The Ontario Municipal Board will soon be no more. Here's what that means for you

As of Apr. 3, the Ontario Municipal Board, formerly the quasi-judicial body that dealt with development proposals, will become the Local Planning Appeal Tribunal. Here's why that matters for your community.

Meet the new tribunal that will handle development appeals where you live

A 12-storey condo tower is being planned for the corner of Wellington Street West and Island Park Drive in Ottawa, despite height restrictions in the local community design plan. It's just one of the decisions that's led to criticism of the Ontario Municipal Board, which will be replaced this week. (Mizrahi Developments)

Upset about too-big condos and wonky zoning decisions in your neighbourhood? You're not alone.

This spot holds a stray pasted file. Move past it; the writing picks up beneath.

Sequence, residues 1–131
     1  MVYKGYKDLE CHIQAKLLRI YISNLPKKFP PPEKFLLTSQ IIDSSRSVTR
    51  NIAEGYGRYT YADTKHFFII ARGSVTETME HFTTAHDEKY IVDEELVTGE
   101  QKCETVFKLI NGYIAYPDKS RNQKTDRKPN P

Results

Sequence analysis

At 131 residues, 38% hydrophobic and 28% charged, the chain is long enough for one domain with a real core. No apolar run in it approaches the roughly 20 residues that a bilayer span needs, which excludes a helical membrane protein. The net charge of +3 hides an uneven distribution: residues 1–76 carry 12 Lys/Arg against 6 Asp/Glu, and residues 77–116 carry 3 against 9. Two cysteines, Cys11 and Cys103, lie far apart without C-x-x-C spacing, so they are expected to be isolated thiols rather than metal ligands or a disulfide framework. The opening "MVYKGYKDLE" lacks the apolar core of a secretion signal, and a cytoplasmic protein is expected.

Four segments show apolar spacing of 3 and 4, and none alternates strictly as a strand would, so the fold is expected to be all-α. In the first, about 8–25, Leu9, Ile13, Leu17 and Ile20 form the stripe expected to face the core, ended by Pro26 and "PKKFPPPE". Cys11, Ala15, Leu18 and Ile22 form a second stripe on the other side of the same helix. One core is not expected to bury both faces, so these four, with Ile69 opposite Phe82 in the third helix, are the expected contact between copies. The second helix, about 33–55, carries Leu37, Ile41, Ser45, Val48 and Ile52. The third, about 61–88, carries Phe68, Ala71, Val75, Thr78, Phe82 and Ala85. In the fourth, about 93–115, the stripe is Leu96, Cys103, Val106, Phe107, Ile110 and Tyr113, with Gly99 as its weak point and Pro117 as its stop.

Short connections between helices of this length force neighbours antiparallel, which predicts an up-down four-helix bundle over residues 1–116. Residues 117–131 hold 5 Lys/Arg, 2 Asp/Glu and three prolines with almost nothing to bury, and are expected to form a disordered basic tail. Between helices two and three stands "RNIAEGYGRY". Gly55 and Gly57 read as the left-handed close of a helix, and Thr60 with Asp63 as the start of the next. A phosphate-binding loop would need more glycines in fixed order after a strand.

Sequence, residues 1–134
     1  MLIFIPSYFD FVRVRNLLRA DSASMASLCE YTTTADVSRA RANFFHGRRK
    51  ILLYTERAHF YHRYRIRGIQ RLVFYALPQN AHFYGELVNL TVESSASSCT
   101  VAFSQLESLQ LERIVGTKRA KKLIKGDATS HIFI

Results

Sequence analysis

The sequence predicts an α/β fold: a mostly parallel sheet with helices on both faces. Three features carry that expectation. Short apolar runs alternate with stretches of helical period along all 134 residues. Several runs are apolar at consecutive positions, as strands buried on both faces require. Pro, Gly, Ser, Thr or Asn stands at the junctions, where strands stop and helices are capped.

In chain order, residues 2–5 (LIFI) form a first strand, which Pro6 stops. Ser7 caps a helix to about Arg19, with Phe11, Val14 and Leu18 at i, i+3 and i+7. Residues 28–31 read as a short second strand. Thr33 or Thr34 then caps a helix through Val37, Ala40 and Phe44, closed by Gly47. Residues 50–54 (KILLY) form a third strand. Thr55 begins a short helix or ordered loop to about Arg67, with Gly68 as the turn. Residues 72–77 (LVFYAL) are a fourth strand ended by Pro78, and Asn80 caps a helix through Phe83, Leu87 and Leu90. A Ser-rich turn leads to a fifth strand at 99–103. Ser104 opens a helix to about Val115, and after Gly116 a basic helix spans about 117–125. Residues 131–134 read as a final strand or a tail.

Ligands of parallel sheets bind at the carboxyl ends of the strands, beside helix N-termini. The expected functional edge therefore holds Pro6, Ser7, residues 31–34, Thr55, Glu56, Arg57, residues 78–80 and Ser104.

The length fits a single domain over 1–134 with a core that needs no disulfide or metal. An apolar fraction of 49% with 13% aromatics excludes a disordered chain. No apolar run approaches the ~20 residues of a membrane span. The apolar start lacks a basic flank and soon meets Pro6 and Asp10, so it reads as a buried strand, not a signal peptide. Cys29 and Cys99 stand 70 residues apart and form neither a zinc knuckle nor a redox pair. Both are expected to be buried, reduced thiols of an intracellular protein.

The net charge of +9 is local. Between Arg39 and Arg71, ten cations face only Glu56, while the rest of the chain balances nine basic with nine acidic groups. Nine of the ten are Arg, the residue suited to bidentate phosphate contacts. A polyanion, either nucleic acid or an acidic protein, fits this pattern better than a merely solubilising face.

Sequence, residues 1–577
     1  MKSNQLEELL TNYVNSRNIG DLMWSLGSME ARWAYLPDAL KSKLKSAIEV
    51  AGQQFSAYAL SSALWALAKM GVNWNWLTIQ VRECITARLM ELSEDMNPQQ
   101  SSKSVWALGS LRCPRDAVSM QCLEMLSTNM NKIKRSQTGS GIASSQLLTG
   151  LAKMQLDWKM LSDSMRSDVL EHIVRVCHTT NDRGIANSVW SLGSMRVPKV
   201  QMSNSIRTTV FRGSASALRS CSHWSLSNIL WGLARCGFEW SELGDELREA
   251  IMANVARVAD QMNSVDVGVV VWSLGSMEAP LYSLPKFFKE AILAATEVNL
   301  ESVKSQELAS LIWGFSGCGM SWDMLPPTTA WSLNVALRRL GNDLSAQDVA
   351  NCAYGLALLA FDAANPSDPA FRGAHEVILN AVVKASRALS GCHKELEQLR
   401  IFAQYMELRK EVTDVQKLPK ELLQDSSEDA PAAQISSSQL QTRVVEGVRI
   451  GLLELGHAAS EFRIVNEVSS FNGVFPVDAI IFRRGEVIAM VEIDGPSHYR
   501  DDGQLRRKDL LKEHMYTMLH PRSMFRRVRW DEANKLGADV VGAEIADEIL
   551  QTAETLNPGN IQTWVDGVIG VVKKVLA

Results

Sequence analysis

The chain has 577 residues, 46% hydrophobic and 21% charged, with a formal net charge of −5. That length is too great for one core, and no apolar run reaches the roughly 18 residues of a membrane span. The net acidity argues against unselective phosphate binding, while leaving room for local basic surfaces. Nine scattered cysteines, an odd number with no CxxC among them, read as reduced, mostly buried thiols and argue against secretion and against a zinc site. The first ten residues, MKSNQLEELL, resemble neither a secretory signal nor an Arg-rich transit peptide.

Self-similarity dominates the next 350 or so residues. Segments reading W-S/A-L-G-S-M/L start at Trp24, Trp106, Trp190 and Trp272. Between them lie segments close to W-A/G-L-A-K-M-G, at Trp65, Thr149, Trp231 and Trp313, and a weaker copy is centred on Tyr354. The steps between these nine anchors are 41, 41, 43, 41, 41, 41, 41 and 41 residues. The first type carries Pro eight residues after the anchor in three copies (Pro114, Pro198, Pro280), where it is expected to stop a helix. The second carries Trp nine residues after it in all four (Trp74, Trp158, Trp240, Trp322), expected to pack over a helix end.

But this week, the province of Ontario will introduce a new process for appealing those decisions.

On April 3, the Ontario Municipal Board (OMB), the quasi-judicial body that deals with development proposal appeals, will become the Local Planning Appeal Tribunal (LPAT).

And many are happy to see it go.

The much-criticized OMB was often perceived by municipal councillors and communities as being too deferential to developers.

So in early 2016, the province launched a review of the OMB — spearheaded by Yasir Naqvi, Ontario's attorney general and the MPP for Ottawa Centre — and held public town halls across the province.

Hundreds of people submitted comments and complaints, leading to the creatively-named Building Better Communities and Conserving Watersheds Act 2017, which abolishes the OMB altogether and substitutes the scaled-down LPAT in its place.